Dessert

Pennsylvanian Recipes: Shoofly Pie

The sun setting on the Susquehanna river: another cornerstone of central PA life

The sun setting on the Susquehanna river: another cornerstone of central PA life

After an uncomfortably long hiatus from baking, researching, and digging into the history of the foods we enjoy every day, I’m overjoyed to be back and able to share another recipe with close cultural ties to the Pennsylvanian people. Since I’ve just moved to a small hamlet that holds many of my earliest, happiest memories, I thought I’d pay tribute to one of the favorite foods of the people who first founded this little river community: the enigmatically named shoofly pie. If you’re not familiar with this particular dessert, you’re not alone. From what I’ve been told, few communities outside of PA and parts of the south carry on the tradition of this rich and accessible dessert. At its core, shoofly pie is a dark, cake-like dish made with molasses that holds strong historic ties to the British treacle tart (a catch-all term for any number of sugar-syrup based pastries first popularized in the 17th century thanks to England’s access to roughly processed sugar). This British tradition followed the settlers to Pennsylvania as the earliest residents only had access to the supplies that could survive the arduous trek across the Atlantic Ocean; one such ingredient was the infinitely shelf-stable molasses, which formed the groundwork for great Pennsylvania Dutch recipes in the New World.

But before most visitors to the region even consider asking what shoofly pie contains or why it’s so popular, they usually want to know what’s going on with that name. Unfortunately, food historians can’t quite agree on the true origin of the name “shoofly,” however there are several popular theories to sate the curious cook. One of the simpler theories proffers that “Shoofly,” the name of an 18th century molasses company highly popular during the time of Pennsylvania’s colonization, simply lent its name to the recipe that relied so strongly on its chief export. But, the most popular theory looks back to the cooking methods of the early Pennsylvanian bakers. Cooking at this time was much more communal that it is today, with much of the baking being done outside in large community ovens. To produce a town-sized batch of shoofly pie required large amounts of molasses to sit outside awaiting use, attracting hungry crowds of humans and insects alike. With their natural affinity towards sugar, flies flocked to the sticky sweet molasses, which required that the townspeople to be on constant guard to shoo away the six-legged pests.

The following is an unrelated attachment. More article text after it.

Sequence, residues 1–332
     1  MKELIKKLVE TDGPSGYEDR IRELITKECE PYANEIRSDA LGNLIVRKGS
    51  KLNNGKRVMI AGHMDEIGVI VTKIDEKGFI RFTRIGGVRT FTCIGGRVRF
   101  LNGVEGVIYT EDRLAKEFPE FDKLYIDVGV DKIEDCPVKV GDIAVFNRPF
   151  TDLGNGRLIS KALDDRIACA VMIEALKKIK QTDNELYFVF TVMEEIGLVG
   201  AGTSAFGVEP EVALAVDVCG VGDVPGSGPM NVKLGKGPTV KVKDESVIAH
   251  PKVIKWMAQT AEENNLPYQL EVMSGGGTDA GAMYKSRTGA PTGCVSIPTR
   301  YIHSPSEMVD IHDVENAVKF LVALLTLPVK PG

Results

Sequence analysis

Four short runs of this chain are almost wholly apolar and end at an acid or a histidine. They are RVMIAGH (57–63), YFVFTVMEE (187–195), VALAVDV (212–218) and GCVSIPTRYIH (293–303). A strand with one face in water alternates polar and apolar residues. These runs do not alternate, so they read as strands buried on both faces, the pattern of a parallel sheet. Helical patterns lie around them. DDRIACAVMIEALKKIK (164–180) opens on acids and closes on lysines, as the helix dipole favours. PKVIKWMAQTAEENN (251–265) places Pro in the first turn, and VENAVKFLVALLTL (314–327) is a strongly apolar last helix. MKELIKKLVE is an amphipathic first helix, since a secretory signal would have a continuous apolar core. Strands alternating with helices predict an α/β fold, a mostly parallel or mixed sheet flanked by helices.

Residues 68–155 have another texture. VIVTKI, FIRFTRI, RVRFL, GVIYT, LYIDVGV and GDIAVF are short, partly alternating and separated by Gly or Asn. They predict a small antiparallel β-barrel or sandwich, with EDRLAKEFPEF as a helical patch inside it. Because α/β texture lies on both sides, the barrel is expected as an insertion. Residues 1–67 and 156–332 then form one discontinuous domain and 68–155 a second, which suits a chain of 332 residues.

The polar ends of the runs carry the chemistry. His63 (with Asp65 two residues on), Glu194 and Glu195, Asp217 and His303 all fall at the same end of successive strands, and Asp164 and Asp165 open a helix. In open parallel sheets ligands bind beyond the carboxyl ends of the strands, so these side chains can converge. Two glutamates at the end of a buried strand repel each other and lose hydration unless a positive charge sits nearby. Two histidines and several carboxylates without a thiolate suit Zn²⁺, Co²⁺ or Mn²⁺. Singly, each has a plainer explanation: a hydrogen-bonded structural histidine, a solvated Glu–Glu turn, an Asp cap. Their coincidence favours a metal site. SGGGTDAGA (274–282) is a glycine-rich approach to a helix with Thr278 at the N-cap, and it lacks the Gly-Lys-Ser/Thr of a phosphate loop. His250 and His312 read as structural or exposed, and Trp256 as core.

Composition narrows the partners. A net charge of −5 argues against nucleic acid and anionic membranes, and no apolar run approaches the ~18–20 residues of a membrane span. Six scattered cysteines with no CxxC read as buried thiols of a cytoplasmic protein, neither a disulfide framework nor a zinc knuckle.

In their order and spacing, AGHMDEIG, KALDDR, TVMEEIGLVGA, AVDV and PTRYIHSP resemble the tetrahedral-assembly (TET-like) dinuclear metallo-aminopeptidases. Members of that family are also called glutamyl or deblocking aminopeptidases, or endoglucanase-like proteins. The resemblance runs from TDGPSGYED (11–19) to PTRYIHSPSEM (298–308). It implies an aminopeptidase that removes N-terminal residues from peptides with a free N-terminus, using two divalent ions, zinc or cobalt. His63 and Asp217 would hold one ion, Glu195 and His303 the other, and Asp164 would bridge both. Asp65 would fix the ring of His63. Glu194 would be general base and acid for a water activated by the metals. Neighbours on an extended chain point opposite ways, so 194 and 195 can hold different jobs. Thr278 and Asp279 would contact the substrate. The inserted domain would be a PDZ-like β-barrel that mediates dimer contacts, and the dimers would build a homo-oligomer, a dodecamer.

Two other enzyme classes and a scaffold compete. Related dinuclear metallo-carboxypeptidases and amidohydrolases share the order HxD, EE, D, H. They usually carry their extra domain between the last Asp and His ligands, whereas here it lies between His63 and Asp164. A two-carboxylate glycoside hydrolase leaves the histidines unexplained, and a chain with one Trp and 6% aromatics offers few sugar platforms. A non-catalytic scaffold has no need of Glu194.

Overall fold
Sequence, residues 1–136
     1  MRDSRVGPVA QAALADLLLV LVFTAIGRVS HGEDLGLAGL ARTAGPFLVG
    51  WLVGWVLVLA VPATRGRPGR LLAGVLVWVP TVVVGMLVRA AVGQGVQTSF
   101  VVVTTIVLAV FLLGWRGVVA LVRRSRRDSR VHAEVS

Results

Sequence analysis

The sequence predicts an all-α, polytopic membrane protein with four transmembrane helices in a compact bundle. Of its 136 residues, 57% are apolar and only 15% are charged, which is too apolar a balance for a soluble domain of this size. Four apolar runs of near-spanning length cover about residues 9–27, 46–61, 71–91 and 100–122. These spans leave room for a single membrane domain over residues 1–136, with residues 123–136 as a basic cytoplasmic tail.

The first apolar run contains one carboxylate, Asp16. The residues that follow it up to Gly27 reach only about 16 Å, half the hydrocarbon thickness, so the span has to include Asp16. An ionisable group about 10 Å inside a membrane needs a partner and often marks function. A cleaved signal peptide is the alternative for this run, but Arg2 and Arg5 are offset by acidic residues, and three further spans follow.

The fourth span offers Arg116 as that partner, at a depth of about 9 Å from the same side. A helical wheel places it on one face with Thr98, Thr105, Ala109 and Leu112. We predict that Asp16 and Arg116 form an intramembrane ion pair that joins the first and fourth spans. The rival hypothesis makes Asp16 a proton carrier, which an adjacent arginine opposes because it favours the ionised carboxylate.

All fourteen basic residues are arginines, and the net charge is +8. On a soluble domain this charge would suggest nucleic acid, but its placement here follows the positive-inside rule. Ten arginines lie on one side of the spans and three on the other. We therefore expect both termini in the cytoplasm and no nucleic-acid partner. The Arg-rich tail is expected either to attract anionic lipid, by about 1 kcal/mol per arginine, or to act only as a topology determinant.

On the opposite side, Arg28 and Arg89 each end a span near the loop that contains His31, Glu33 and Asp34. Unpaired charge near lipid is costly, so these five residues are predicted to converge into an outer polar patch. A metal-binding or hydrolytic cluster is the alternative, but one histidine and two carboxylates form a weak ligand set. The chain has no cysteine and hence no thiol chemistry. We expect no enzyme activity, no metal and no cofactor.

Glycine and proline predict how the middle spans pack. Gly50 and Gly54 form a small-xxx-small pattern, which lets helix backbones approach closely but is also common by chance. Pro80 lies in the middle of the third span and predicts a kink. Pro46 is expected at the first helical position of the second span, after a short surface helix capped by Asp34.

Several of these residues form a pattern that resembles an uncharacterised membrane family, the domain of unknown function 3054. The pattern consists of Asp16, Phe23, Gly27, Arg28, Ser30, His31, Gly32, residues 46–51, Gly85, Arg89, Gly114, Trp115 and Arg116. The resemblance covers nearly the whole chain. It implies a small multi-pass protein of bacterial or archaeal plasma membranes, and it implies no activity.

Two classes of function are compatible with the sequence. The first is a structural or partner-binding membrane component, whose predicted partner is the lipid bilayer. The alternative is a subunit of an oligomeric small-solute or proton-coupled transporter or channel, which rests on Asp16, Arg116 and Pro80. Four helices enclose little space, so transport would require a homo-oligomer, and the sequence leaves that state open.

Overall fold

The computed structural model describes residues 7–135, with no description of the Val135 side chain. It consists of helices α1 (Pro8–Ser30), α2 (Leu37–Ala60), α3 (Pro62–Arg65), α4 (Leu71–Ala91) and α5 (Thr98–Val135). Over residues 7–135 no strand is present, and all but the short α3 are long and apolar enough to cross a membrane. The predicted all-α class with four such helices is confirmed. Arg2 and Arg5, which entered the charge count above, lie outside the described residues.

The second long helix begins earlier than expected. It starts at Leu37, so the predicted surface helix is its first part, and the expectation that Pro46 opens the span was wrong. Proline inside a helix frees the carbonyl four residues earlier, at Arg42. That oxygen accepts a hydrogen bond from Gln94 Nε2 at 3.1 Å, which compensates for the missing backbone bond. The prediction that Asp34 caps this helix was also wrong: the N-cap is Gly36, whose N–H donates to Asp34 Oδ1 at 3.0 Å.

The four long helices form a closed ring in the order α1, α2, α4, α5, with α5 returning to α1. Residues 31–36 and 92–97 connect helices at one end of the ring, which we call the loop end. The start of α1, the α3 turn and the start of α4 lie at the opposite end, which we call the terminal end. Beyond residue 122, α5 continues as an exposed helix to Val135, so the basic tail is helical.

No matter the story you choose to believe, shoofly pie is a Pennsylvanian dessert that simply must be tried. So, without further ado, let’s dig into this sweetly dark and Dutch delicacy!

Shoofly Pie Recipe

 

Coffee and molasses are a perfect match for this historically dark dessert!

Coffee and molasses are a perfect match for this historically dark dessert!

Ingredients

  • 1 9 inch unbaked pie crust
  • 1 1/2 cups all-purpose flour
  • 1/2 cup granulated sugar
  • 1/2 cup brown sugar
  • 2 Tablespoons softened butter
  • 2 teaspoons cinnamon
  • 1 teaspoon nutmeg
  • 1/4 teaspoon salt
  • 1 teaspoon baking powder
  • 1/2 cup unsulfured molasses
  • 1/2 cup warm, strong coffee (the darker the roast the better!)
  • 1/2 teaspoon baking soda

Directions

  1. Preheat your oven to 350° F / 175° C
  2. Combine the flour, sugars, butter, cinnamon, nutmeg, salt, and baking powder in a medium mixing bowl, and mix with a pastry cutter or fork until crumbly. Transfer 1/4 of the crumb mixture to a small bowl and set aside.
  3. In a small mixing bowl, stir together the molasses and coffee until the molasses dissolves. Slowly stir in the baking soda until dissolved.
  4. Pour the molasses into the large bowl of crumb and fold until smooth and well-combined. Pour this mixture into your pie shell and sprinkle with the crumb you set aside.
  5. Bake in your preheated oven for 40 – 45 minutes, or until the filling has risen and has a cake-like consistency.
  6. Serve warm or cold and enjoy with a cup of strong coffee among friends!

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As always, thanks for stopping by for this week’s recipe! I hope to see you next week for another excavation into humanity’s communal storehouse of fascinating and delicious dishes!

Keep digging!
~Nate

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Categories: Baking, Dessert, History, Pennsylvanian Recipes, Year Round Recipes | Tags: , , , , , | Leave a comment

Year Round Recipes: Rice Pudding